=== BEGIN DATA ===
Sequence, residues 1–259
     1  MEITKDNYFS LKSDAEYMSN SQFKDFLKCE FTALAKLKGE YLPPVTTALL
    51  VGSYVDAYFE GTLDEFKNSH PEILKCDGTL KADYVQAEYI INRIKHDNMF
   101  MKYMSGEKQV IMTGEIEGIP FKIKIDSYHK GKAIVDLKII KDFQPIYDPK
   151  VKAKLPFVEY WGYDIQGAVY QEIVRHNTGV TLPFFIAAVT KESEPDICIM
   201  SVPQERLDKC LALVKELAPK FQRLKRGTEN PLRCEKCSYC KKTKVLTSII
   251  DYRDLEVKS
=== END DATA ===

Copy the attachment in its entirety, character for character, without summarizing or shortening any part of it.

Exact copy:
Sequence, residues 1–259
     1  MEITKDNYFS LKSDAEYMSN SQFKDFLKCE FTALAKLKGE YLPPVTTALL
    51  VGSYVDAYFE GTLDEFKNSH PEILKCDGTL KADYVQAEYI INRIKHDNMF
   101  MKYMSGEKQV IMTGEIEGIP FKIKIDSYHK GKAIVDLKII KDFQPIYDPK
   151  VKAKLPFVEY WGYDIQGAVY QEIVRHNTGV TLPFFIAAVT KESEPDICIM
   201  SVPQERLDKC LALVKELAPK FQRLKRGTEN PLRCEKCSYC KKTKVLTSII
   251  DYRDLEVKS